“Brilliant Love” at 2010 Tribeca Film Festival

Tribeca Film Festival 2010 April 21 - May 2

From England, “Brilliant Love,” is a narrative about an amateur photographer, Manchester, whose erotic photographs of his girlfriend, Noon, catapult him into success in the world of modern art.  However Noon does not learn that she is the subject of Manchester’s first gallery show until she arrives at the event. Talk about an awkward moment.

“Brilliant Love” is about sexuality and is very frank in its depiction of it.  Unlike many American films that want to be about sexuality but ultimately only go the length of their R-rated leashes, “Brilliant Love” is refreshing in its depiction of the frankness and playfulness of its two main characters.  Should the film ever be released in this country it will no doubt have to undergo MPAA mandated cuts (which would hurt it) or go out unrated (which would limit its audience).

While I appreciated the openness of “Brilliant Love” I did have issues with its story telling and construction.  Manchester and Noon are shown to be a very intimate couple living a bohemian existence in a small converted garage.  Manchester, by a fluke, has this amazing opportunity to enter the big time art world but somehow does not tell Noon that she is the subject of his art.  During the Q&A that followed the film’s screening I asked director Ashley Horner about this very point.  He replied that Manchester did make some attempts to tell Noon, but that not telling her was certainly one of the biggest relationships mistakes ever made.  What I think this really comes down to is that old screenwriting crutch of advancing the story by not having the characters talk frankly to each other.  In other words it takes the film an hour and a half to resolve an issue that the characters could have resolved in a minute if they had simply had an honest conversation.  The convention can work well in a charming comedy like “Top Hat” (1935) or even more venomously in a darker movie like “Blood Simple” (1984).  The latter and former are admittedly two very different examples in which the characters not speaking directly to one another propels the stories.  However this approach does not work for every film, case in point.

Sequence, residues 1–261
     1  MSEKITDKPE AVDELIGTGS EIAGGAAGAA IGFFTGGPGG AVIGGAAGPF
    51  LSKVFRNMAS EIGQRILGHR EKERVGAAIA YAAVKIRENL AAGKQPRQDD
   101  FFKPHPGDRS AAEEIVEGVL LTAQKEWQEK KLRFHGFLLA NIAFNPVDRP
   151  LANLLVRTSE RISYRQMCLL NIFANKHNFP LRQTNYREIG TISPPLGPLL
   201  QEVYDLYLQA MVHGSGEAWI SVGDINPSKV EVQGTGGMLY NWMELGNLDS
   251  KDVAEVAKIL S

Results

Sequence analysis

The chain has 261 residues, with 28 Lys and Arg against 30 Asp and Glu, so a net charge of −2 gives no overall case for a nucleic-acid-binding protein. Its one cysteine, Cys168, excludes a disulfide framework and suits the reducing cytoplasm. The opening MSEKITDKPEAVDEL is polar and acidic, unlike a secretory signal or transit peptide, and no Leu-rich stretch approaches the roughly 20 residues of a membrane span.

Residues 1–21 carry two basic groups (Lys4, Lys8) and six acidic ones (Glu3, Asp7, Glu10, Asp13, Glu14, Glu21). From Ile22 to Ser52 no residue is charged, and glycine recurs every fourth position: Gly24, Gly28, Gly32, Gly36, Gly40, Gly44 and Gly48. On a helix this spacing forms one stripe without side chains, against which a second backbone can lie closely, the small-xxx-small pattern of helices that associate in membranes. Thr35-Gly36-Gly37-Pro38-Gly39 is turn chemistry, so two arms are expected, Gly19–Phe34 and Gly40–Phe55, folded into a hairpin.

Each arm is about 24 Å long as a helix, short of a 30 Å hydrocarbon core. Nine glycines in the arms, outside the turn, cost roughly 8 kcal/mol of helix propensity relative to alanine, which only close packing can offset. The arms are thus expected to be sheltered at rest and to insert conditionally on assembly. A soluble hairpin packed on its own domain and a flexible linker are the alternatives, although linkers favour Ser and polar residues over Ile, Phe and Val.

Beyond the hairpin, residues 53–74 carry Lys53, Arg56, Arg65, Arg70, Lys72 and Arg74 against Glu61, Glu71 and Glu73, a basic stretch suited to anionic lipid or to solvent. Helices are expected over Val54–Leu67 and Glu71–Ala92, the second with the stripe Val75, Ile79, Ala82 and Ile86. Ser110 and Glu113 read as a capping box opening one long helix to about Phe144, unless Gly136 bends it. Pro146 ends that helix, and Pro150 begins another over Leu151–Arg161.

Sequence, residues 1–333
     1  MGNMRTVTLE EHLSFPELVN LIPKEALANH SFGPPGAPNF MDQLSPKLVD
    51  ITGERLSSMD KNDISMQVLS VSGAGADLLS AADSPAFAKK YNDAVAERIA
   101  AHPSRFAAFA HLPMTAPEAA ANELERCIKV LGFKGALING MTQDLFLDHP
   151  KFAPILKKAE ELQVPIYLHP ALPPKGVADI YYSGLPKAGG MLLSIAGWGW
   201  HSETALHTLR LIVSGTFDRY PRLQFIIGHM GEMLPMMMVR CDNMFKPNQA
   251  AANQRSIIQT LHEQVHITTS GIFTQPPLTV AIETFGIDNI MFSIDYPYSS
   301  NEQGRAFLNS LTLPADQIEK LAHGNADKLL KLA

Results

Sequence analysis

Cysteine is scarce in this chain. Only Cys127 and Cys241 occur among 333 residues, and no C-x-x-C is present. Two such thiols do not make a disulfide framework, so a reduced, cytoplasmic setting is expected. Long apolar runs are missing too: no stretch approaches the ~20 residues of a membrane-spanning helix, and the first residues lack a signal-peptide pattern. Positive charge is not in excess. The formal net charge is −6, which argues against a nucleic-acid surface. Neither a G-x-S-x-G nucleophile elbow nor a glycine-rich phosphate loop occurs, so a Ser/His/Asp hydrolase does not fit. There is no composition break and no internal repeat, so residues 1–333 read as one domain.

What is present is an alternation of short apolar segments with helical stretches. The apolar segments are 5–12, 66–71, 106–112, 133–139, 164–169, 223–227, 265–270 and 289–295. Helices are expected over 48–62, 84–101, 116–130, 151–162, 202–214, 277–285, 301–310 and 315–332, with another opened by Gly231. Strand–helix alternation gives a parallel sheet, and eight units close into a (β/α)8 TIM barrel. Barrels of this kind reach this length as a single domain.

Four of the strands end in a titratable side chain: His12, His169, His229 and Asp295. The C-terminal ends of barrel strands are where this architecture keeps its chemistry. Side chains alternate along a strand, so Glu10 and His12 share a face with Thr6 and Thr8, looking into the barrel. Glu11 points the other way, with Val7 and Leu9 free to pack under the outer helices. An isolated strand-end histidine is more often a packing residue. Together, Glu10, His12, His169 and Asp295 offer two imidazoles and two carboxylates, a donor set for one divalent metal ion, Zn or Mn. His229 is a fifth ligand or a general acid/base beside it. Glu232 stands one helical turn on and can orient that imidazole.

In addition, in terms of story I found the construction of “Brilliant Love” to be a bit clunky.  The film’s first act is too long.  A first act should be about 20 minutes in length.  In the case of “Brilliant Love” we are shown over and over again that Manchester and Noon are young, bohemian and in love.  It takes nearly an hour to arrive at the film’s first conflict, Manchester receiving the opportunity to enter the big time, which then spins us too late into the film’s second act.

On the “plus” side I did enjoy the film’s depiction of the modern art world as comically pretentious.  The intelligentsia tells Manchester that they admire his technique, which they describe as an absence of any technique.  During the gallery show of his photographs a drunk Manchester curses at the guests and removes his clothes.  He is then applauded by the crowd for what it perceives to be an artistic statement.

I appreciated “Brilliant Love’s” frankness both in its depiction of the main characters’ relationship and in the conventions of the modern art world.  Ultimately though the story needed to have either more conflict sooner or perhaps might have been better suited to a shorter film.

 

About unpaidfilmcritic

Up until 2009 Seth Shire spent nearly two decades in the New York film industry as a post production supervisor of feature films. Highlights include working on the films of Martin Scorsese, James Toback and Spike Lee. Since leaving the film industry Seth has expanded into new and varied areas where he has found a great deal of satisfaction. Seth currently teaches in the Sociology Department of CUNY Queens College. His courses include "Mass Media and Popular Culture," "Introduction to Sociology," and "Sociology of Cinema" where he is a very popular teacher. Seth is also the film critic for "Town & Village," a Manhattan weekly newspaper, a position he has held for the past six years. Seth gives back to his community through volunteer teaching at Manhattan's "The Caring Community," a center for senior citizens, where he teaches a very popular course on documentaries called "The Golden Age of the Documentary. In the fall of 2010 Seth taught "Critical Reading and Writing" at Parsons School of Design. He has also taught "Cinema Studies" at the New York Film Academy. Seth lives in Stuyvesant Town, in Manhattan.

Posted on May 1, 2010, in Tribeca Film Festival 2010 and tagged , , , , , , , , , , . Bookmark the permalink. Leave a comment.

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